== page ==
I have a Bash script I was trying to make to help me run a rather complex command with small changes that it would ask me about through echo and read.

I have found solutions to force it to run a terminal to execute the command, but I'm not interested in that. What I would like it to do is, if I space out and just hit Enter on it in Nautilus (making it run with Run Software), it'll just gently pop up a notification saying "Please run this from a terminal."

I can get the popup to happen -- as in I know the command -- but I can't get the Bash script to tell if it's being run inside a terminal or not, it seems to always think so. Is it even possible?



-t fd  
    True if file descriptor fd is open and refers to a terminal.

Assuming fd 1 is standard out, if [ -t 1 ]; then should work for you. The Advanced Shell Scripting Guide claims that -t used this way will fail over ssh, and that the test (using stdin, not stdout) should therefore be:

if [[ -t 0 || -p /dev/stdin ]]

-p tests if a file exists and is a named pipe. However, I'd note experientially this is not true for me: -p /dev/stdin fails for both normal terminals and ssh sessions whereas if [ -t 0 ] (or -t 1) works in both cases (see also Gilles comments below about issues in that section of the Advanced Shell Scripting Guide).

If the primary issue is a specialized context from which you wish to call the script to behave in a way appropriate to that context, you can sidestep all these technicalities and save your self some fuss by using a wrapper and a custom variable:



Call this live_script.sh or whatever and double click that instead. You could of course accomplish the same thing with command line arguments, but a wrapper would still be needed to make point and click in a GUI file browser work.

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    this is the correct answer - it is also how POSIX says a shell should detect if it is interactive or not. – mikeserv Oct 18 '14 at 15:26
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    @DanielAmaya - if you redirect input then the script is not being run on a terminal. The question is how to detect if the script is being run on a terminal. – mikeserv Oct 18 '14 at 16:02
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    Are you sure about the use of || within [ … ] like that? If you use [[ … ]] then it would be fine, but normally the || is used to separate commands, and [ -t 0 is an incorrect invocation of [ because its last ] is missing. There typically isn't a command -p either. I agree with testing for a terminal; that's probably the way to do it. It's just the syntax I'm concerned about. – Jonathan Leffler Oct 18 '14 at 16:14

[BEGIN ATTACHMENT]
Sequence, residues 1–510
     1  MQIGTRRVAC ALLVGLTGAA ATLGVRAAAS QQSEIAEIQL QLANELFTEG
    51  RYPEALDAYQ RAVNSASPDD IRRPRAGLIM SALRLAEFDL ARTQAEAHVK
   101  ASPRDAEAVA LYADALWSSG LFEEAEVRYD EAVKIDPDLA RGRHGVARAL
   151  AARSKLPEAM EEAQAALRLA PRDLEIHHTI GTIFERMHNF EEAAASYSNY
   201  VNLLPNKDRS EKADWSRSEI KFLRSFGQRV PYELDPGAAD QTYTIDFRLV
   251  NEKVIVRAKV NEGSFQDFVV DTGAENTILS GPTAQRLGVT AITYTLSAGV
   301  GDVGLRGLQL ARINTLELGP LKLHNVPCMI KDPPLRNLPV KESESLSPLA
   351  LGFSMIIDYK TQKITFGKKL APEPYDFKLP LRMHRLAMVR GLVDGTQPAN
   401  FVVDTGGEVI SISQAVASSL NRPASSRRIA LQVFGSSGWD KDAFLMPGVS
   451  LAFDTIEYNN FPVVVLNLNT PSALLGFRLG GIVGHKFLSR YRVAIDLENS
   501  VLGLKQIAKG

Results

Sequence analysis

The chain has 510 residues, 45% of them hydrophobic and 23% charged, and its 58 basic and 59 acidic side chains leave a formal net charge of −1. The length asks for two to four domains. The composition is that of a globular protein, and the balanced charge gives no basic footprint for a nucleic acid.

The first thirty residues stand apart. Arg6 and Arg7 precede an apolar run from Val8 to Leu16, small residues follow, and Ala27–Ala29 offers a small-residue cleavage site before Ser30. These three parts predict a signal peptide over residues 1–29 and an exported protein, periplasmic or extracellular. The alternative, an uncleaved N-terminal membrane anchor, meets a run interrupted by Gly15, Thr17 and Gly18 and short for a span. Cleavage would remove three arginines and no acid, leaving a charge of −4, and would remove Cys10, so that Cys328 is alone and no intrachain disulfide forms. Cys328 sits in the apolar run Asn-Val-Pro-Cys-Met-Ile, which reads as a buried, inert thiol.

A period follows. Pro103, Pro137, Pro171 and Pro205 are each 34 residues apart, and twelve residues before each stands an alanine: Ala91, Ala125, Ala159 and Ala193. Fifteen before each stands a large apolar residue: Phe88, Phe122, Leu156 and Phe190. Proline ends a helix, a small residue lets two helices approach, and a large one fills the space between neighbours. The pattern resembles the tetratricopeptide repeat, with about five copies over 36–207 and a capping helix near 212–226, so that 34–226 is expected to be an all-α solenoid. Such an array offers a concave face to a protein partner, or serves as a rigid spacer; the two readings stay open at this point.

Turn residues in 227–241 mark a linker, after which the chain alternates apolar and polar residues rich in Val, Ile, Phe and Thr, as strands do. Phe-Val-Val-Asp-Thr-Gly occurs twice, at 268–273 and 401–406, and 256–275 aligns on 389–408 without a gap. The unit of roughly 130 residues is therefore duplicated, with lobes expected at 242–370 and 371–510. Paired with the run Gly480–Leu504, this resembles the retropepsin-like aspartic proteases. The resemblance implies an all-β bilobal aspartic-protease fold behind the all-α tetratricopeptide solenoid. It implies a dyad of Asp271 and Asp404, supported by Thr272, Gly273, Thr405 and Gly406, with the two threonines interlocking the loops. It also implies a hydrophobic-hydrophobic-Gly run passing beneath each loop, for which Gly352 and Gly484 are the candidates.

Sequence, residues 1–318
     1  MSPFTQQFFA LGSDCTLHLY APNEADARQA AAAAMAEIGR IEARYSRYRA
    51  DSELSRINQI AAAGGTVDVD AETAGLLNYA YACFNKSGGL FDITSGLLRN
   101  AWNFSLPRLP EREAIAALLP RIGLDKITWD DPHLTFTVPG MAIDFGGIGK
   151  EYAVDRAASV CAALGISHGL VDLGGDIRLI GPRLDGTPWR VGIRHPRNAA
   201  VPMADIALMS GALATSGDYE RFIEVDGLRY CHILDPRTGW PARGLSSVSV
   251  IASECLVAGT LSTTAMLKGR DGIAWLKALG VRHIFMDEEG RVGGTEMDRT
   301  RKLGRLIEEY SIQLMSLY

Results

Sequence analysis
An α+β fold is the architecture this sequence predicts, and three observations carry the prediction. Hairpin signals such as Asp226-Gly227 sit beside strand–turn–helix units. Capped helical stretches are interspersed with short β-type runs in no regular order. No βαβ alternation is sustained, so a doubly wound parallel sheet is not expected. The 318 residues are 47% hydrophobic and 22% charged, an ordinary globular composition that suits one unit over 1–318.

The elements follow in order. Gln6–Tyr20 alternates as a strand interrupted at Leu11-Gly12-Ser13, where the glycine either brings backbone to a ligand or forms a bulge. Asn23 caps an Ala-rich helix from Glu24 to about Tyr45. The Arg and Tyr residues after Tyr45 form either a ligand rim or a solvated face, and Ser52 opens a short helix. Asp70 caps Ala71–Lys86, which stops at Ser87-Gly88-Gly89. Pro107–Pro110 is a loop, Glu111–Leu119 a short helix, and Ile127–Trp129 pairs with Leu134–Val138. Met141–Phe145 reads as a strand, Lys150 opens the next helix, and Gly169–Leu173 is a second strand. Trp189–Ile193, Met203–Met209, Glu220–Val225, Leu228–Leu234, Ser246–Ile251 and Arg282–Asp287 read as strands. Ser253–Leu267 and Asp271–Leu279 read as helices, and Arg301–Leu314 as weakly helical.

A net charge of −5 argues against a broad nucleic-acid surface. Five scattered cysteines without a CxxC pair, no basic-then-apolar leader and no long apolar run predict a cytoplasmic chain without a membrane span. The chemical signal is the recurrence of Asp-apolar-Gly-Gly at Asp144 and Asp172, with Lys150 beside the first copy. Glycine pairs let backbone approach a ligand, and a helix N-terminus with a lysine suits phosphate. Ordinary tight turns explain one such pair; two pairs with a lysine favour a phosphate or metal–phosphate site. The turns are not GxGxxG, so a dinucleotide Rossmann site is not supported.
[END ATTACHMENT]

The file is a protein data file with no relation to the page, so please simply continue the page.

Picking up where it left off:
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    @JonathanLeffler Right; that should produce a syntax error, since the shell operator || is seen before the required final ] argument to [. – chepner Oct 18 '14 at 17:44
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    That section from the Advanced Bash-Scripting Guide has several errors. PS1 is not a reliable test to tell whether the shell is interactive. “If a script needs to test whether it is running in an interactive shell” is also confusing: it should be if some code needs to test — a script is usually not running in an interactive shell (but it can be, if it's sourced). Testing for i in $- is the correct way to test if the shell is interactive. Testing -t 0 or -t 2 is the correct way to tell if the script is running in a terminal, which is different from being interactive. – Gilles Oct 18 '14 at 20:37

Use the bash $SHLVL variable to detect the level of shell nesting. In a script run 'raw' by double-clicking it will be 1, in a script running within a terminal it will be 2.

if (( SHLVL < 2 )) ; then
    echo "Please run this from a terminal."
    read -p "Press <Enter> to close this window"
    exit 1
# rest of script

Another, using the bash options set internal variable, $-.

From .bashrc,

# If not running interactively, don't do anything
case $- in
    *i*) ;;
    *) return;;
  • an interactive shell isnt necessarily connected to a terminal. while one started with that connection is automatically started interactive, this also is possible: cmd | sh -i | cmd. – mikeserv Oct 18 '14 at 15:30
  • This code is being executed in a script. It won't be interactive, even if it is running in a terminal. – Gilles Oct 18 '14 at 20:29

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